One of the many things that makes our meticulously crafted Original Band of Brothers Tour® an experience unparalleled in its accuracy, is that we begin our tour in Toccoa, the training ground in the north Georgia woods where the bonding process among the men of the 506th began.
We visit the train station where recruits for the 506th first arrived, which now houses the Stephens County Historical Society – the Currahee Military Museum. After viewing their unique collection of artifacts and memorabilia from Camp Toccoa, we travel to the site of the camp and then proceed up Mount Currahee, the 1,000 ft. mountain that the men of the 506th ran daily for training. Here they drew their inspiration and motto Currahee, an Indian word meaning “We Stand Alone.”
For those of you have traveled or will be traveling with us on our Band of Brothers Tour, as well as fans of Easy Company and armchair travelers, we are delighted to share this article about Toccoa that was published on the Aircraft Owners & Pilots Association website. Writer and photographer, Tom Snow, tagged along with our Band of Brothers Tour group led by senior historian Chris Anderson to explore the site of Camp Toccoa.
Go Back in Time at Easy Company Training Grounds: Toccoa, Georgia
By Tom Snow
Could you have qualified to become a World War II paratrooper? You can find out if you fly to Toccoa, Georgia, and challenge Currahee Mountain.
Following the 2001 debut of Band of Brothers, the 10-part HBO mini-series based on the 1992 Stephen Ambrose book of the same name, millions became familiar with the World War II history of “Easy Company,” 2nd Battalion, 506th Parachute Infantry Regiment of the 101st Airborne Division.
However, there was nothing easy about volunteering to become a member of the famous World War II “Screaming Eagles” paratrooper corps, particularly if assigned to Company E at Camp Toccoa, a rustic training base located in northeast Georgia that operated from 1942 through 1945.
Retracing the famous “three miles up and three miles down” Currahee Mountain running course is a popular challenge today. Back then, it was one of the best ways to eliminate recruits who weren’t up to airborne standards. Those who dropped out of a run for any reason were automatically disqualified from the elite program and sent to a regular infantry unit. Of approximately 18,000 volunteers who arrived for three months of initial training at Camp Toccoa, about 6,000 completed the rigorous course and later earned their jump wings at Fort Benning, Georgia.
Easy Company played an important role in the D-Day invasion after parachuting behind enemy lines and taking out four German howitzers that were firing on Allied troops as they landed on Utah beach.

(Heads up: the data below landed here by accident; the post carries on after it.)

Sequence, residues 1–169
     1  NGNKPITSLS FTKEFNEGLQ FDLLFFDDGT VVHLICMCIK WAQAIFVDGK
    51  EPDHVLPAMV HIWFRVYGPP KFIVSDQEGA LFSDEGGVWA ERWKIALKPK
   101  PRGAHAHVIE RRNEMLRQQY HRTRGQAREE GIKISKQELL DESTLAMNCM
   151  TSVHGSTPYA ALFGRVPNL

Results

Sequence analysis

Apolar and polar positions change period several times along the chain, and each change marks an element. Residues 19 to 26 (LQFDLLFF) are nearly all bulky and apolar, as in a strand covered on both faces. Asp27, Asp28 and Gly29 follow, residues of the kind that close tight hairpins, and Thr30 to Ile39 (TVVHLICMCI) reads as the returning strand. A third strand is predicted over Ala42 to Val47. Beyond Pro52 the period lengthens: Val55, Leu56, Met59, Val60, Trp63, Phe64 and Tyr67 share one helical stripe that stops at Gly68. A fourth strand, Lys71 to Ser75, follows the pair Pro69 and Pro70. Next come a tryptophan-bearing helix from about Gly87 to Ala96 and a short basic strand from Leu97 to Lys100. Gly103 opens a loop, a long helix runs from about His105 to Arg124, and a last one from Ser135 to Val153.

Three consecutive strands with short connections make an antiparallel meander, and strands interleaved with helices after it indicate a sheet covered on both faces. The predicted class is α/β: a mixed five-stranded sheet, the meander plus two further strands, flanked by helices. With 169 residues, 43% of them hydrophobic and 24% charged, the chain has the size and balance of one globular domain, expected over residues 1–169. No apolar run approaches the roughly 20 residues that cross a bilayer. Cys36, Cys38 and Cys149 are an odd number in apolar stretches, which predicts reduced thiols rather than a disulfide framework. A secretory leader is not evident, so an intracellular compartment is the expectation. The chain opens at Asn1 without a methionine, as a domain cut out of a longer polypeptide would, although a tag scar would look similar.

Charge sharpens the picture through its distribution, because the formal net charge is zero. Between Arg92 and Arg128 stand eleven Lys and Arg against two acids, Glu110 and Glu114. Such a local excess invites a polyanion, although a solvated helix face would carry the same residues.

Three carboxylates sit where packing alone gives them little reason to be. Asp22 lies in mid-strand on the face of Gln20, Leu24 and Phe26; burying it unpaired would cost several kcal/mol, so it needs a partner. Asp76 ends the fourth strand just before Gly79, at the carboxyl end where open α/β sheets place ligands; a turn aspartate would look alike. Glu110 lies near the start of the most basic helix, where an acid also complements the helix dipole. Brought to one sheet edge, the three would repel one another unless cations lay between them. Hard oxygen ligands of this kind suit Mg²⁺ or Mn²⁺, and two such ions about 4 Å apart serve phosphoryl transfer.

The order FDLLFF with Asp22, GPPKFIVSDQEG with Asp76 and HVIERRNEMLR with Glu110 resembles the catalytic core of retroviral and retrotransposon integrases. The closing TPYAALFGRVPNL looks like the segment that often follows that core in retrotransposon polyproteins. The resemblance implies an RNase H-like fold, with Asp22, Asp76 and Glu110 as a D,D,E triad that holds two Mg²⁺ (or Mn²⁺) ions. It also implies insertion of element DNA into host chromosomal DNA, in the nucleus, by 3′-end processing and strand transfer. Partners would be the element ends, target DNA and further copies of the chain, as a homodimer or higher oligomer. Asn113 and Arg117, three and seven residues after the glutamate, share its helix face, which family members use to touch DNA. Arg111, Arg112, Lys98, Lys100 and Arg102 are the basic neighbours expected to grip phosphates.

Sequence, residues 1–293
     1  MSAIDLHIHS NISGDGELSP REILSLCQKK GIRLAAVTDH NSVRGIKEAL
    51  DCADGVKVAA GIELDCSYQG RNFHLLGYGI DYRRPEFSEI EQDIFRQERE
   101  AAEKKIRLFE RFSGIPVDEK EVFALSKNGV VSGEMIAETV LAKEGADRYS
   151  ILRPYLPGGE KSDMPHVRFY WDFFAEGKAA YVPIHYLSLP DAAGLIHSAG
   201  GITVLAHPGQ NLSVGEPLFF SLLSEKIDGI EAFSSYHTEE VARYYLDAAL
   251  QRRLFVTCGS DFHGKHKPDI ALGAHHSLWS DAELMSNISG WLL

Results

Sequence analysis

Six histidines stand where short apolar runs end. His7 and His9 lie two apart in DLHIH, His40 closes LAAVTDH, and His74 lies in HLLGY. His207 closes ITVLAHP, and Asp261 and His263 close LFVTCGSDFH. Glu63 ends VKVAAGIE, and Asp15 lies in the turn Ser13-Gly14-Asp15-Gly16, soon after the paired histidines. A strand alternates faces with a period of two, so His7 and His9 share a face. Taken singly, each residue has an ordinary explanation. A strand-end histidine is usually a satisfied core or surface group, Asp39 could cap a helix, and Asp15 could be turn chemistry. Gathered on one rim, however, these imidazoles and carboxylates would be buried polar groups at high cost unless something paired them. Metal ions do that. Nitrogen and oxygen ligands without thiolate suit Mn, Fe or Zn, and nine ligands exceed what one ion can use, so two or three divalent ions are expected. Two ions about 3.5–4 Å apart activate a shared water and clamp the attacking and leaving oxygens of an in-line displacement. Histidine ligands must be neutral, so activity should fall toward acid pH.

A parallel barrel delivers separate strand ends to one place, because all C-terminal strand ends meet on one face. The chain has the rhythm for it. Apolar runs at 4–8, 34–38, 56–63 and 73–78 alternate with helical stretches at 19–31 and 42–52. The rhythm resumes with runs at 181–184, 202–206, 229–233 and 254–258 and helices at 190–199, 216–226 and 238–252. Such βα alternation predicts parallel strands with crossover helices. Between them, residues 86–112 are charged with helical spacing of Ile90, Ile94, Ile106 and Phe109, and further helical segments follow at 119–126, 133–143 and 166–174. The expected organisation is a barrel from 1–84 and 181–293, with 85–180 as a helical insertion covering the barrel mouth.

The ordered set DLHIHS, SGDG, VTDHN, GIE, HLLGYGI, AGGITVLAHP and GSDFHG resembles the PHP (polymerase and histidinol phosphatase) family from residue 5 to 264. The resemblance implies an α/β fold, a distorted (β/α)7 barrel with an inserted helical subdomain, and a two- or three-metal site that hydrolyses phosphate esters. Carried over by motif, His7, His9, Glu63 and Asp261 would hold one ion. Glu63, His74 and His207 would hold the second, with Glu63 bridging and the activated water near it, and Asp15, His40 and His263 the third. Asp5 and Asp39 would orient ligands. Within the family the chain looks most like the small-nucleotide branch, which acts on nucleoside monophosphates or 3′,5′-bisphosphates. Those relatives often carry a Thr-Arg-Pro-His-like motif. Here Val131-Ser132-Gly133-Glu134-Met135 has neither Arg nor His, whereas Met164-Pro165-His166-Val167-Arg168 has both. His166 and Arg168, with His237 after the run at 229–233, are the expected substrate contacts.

Company E went on to fight in Operation Market Garden, the Battle of the Bulge at Bastogne, and other crucial engagements. In addition, they liberated a Nazi concentration camp. With very few breaks and despite heavy casualties, their combat role continued until Germany’s surrender in 1945.
The city of Toccoa and the Stephens Country Historical Society are working to preserve the history of Camp Toccoa and Currahee Mountain. The area has become a popular destination for historians, tour groups, reunions, and especially veterans returning to visit their temporary “home” during training.
Very few “Toccoa men” are still alive to tell their story. However, a group of locals is working to reconstruct some parts of the camp, which was largely dismantled following the war.
Meanwhile, the Currahee Military Museum is well-established and hosts around 20,000 visitors a year. Located at the restored Toccoa train depot, it houses photos, documents, and memorabilia of the World War II paratroopers.
In early June we were fortunate to tag along with one of the quarterly Stephen Ambrose Band of Brothers Historical Tours, which brought a bus load of 22 people from all over the country to see where Easy Company first trained.
Led by historian Chris Anderson, the group was on the first day of a two-week international trip following the company’s history from Georgia to England, France, Holland, Belgium, and Germany. Having personally interviewed many Easy Company veterans over the years, Anderson has an encyclopedic knowledge of their history.
Foot races are often held on the mountain, and on the hot summer morning of our visit, we saw several hikers with families and at least one runner huffing up the hill.
If you’d like to see if you’ve got what it took to be a World War II paratrooper…
Band of Brothers Tour
Our Band of Brothers Tour is based on the first-hand and personal recollections of the paratroopers and the extensive research of Stephen Ambrose, who wrote the best-selling book, Band of Brothers, on which the miniseries was based as well as the research of our senior historians. Our 15-day tour begins in Toccoa, where the men of Easy Company began, and ends at Zell Am See, where the men of Easy Company celebrated the anniversary of their jump into Normandy by parachuting into the waters of Zeller See Lake.